Strepsiades. What then is the use of this?
Disciple. To measure out the land.
Strepsiades.What belongs to an allotment?
Disciple. No, but the whole earth.
Strepsiades. You tell me a clever notion; for thecontrivance is democratic and useful.
Disciple. (pointing to a map) See, here's a map of thewhole earth. Do you see? This is Athens.
Strepsiades. What say you? I don't believe you; for I donot see the Dicasts sitting.
Disciple. Be assured that this is truly the Atticterritory.
Strepsiades. Why, where are my fellow-tribesmen ofCicynna?
Disciple. Here they are. And Euboea here, as you see, isstretched out a long way by the side of it
to a great distance.
Strepsiades. I know that; for it was stretched by us andPericles. But where is Lacedaemon?
Disciple. Where is it? Here it is.
Strepsiades. How near it is to us! Pay great attention tothis, to remove it very far from us.
Disciple. By Jupiter, it is not possible.
Strepsiades. Then you will weep for it.
[Looking up and discovering Socrates.]
Come, who is this man who is in the basket?
Strepsiades. Who's "Himself"?
Strepsiades. O Socrates! Come, you sir, call upon himloudly for me.
Disciple. Nay, rather, call him yourself; for I have noleisure.
Strepsiades. Socrates! My little Socrates!
Socrates. Why callest thou me, thou creature of aday?
Strepsiades. First tell me, I beseech you, what are youdoing.
Socrates. I am walking in the air, and speculating aboutthe sun.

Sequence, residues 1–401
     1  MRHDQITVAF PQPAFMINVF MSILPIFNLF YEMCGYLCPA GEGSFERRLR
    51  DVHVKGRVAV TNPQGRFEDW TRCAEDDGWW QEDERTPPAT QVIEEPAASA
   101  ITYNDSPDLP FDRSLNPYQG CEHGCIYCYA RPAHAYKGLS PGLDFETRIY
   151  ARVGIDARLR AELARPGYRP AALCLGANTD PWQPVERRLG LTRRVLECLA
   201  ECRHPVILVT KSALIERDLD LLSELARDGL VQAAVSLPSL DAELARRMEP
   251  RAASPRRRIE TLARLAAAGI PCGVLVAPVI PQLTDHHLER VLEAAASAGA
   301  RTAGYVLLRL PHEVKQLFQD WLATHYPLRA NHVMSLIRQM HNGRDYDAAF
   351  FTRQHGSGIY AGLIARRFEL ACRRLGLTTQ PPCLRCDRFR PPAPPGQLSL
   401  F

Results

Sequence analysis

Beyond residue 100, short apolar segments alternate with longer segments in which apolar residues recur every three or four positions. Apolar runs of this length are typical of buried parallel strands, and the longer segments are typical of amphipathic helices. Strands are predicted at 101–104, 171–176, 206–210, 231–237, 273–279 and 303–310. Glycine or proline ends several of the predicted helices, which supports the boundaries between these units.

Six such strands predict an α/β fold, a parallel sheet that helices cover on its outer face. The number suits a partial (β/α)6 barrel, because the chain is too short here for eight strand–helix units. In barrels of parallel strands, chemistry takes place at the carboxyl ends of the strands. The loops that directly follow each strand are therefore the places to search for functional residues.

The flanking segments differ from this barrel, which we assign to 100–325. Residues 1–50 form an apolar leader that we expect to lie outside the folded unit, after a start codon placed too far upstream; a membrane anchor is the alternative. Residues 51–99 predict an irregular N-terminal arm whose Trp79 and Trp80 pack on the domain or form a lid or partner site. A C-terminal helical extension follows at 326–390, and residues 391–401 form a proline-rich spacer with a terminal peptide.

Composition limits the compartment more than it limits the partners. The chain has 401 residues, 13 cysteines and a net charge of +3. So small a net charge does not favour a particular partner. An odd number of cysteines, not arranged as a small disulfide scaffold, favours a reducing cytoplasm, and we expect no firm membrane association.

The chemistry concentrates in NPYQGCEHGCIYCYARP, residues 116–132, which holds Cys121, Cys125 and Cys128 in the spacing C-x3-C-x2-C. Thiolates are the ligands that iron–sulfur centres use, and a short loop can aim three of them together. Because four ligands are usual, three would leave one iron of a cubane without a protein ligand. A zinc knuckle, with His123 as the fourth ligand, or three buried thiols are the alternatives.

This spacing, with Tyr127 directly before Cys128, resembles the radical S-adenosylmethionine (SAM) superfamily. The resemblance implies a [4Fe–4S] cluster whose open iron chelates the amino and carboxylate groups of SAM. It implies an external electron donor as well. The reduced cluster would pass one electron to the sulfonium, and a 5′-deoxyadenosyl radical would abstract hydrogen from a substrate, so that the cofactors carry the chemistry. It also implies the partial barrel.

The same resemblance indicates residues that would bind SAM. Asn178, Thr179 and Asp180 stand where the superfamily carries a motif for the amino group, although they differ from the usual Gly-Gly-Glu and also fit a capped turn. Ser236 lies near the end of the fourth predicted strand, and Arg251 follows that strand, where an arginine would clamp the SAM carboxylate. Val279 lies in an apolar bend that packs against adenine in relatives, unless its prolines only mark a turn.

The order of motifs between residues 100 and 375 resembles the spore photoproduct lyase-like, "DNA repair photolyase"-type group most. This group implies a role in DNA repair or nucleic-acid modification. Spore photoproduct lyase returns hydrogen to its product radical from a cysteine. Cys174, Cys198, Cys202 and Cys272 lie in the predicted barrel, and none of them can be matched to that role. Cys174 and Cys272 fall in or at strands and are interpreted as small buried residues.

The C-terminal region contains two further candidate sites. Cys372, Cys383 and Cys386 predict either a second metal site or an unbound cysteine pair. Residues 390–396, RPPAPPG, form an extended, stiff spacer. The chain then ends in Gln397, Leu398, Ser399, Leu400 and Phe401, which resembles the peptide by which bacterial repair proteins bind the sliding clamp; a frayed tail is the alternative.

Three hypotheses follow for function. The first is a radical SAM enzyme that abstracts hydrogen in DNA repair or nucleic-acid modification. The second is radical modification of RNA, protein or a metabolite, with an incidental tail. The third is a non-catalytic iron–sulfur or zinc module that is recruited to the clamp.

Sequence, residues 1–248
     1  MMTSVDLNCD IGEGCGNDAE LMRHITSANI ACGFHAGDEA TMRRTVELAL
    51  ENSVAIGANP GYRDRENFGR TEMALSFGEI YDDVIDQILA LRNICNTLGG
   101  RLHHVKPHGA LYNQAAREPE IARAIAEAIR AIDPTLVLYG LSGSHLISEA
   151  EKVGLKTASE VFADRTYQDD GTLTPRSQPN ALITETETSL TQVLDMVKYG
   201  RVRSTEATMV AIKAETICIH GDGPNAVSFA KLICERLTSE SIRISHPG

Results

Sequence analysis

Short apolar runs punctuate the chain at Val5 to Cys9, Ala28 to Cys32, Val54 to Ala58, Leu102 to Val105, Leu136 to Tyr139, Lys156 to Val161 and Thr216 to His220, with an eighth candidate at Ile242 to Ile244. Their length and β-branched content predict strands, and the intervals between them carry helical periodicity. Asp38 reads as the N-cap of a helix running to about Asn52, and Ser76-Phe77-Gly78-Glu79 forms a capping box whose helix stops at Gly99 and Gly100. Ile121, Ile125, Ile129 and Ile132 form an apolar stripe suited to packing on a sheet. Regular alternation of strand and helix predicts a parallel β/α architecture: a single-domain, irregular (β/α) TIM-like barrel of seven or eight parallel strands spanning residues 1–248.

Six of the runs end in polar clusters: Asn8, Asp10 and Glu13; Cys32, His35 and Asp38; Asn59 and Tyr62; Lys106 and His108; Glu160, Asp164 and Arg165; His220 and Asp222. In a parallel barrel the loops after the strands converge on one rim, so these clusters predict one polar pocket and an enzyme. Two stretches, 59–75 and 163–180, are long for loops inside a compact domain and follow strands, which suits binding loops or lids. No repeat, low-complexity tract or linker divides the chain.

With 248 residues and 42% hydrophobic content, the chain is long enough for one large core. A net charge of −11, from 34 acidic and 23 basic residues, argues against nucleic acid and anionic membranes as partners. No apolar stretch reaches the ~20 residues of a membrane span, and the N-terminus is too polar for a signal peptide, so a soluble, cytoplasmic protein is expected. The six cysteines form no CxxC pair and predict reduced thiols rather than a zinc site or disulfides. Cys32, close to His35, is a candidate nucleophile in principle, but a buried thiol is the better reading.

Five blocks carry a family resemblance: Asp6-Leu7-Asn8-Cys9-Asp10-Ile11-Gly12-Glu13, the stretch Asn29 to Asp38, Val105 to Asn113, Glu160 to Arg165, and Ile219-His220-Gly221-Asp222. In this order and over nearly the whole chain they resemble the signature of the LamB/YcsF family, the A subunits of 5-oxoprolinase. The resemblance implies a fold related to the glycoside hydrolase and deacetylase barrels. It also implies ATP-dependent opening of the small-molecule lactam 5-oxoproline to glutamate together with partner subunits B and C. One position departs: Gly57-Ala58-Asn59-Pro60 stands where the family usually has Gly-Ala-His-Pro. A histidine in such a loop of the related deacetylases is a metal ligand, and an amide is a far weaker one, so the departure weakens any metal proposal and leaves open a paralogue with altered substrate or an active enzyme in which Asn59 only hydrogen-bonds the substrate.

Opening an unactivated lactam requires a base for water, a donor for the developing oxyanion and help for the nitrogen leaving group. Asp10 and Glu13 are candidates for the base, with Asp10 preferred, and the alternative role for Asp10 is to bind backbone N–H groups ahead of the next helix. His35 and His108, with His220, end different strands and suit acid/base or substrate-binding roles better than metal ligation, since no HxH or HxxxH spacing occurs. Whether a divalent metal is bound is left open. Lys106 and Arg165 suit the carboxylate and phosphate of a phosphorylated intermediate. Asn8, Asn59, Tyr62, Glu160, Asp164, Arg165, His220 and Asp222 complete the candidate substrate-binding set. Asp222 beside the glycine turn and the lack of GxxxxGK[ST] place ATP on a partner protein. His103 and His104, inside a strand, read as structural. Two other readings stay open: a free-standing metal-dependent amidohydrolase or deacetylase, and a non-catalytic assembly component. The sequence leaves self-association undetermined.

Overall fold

Strepsiades. And so you look down upon the gods from yourbasket, and not from the earth?
Socrates. For I should not have rightly discovered thingscelestial if I had not suspended the
intellect, and mixed thethought in a subtle form with its kindred air. But if, being on theground, I
speculated from below on things above, I should neverhave discovered them. For the earth
forcibly attracts to itself themeditative moisture. Water-cresses also suffer the very samething.
Strepsiades. What do you say? Does meditation attract themoisture to the water-cresses? Come
then, my little Socrates,descend to me, that you may teach me those things, for the sake ofwhich
I have come.
[Socrates lowers himself and gets out of the basket.]
Socrates. And for what did you come?
Strepsiades. Wishing to learn to speak; for by reason ofusury, and most ill-natured creditors, I am
pillaged and plundered,and have my goods seized for debt.
Socrates. How did you get in debt without observingit?
Strepsiades. A horse-disease consumed me--terrible ateating. But teach me the other one of your
two causes, that whichpays nothing; and I will swear by the gods, I will pay down to
youwhatever reward you exact of me.
Socrates. By what gods will you swear? For, in the firstplace, gods are not a current coin with us.
Strepsiades. By what do you swear? By iron money, as inByzantium?
Socrates. Do you wish to know clearly celestial matters,what they rightly are?
Strepsiades. Yes, by Jupiter, if it be possible!
Socrates. And to hold converse with the Clouds, ourdivinities?
Strepsiades. By all means.
Socrates. (with great solemnity). Seat yourself, then,upon the sacred couch.
Strepsiades. Well, I am seated!
Socrates. Take, then, this chaplet.
Strepsiades. For what purpose a chaplet? Ah me! Socrates,see that you do not sacrifice me like
Strepsiades. No; we do all these to those who getinitiated.
Strepsiades. Then what shall I gain, pray?
Socrates. You shall become in oratory a tricky knave, athorough rattle, a subtle speaker. But
Strepsiades. By Jupiter! You will not deceive me; for ifI am besprinkled, I shall become fine
Socrates. It becomes the old man to speak words of goodomen, and to hearken to my prayer. O